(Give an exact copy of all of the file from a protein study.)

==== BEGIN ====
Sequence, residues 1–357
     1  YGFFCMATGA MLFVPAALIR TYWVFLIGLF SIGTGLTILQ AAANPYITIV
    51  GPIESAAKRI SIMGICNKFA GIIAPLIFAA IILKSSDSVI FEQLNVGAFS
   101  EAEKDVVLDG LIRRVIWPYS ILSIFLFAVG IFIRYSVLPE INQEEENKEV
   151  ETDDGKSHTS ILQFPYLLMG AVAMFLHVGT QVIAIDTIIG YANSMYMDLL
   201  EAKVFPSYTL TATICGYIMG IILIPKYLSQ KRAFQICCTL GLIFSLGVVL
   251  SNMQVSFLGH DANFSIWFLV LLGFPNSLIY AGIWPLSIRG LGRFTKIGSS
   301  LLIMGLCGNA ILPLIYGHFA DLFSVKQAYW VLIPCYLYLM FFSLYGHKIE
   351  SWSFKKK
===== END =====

Sequence, residues 1–357
     1  YGFFCMATGA MLFVPAALIR TYWVFLIGLF SIGTGLTILQ AAANPYITIV
    51  GPIESAAKRI SIMGICNKFA GIIAPLIFAA IILKSSDSVI FEQLNVGAFS
   101  EAEKDVVLDG LIRRVIWPYS ILSIFLFAVG IFIRYSVLPE INQEEENKEV
   151  ETDDGKSHTS ILQFPYLLMG AVAMFLHVGT QVIAIDTIIG YANSMYMDLL
   201  EAKVFPSYTL TATICGYIMG IILIPKYLSQ KRAFQICCTL GLIFSLGVVL
   251  SNMQVSFLGH DANFSIWFLV LLGFPNSLIY AGIWPLSIRG LGRFTKIGSS
   301  LLIMGLCGNA ILPLIYGHFA DLFSVKQAYW VLIPCYLYLM FFSLYGHKIE
   351  SWSFKKK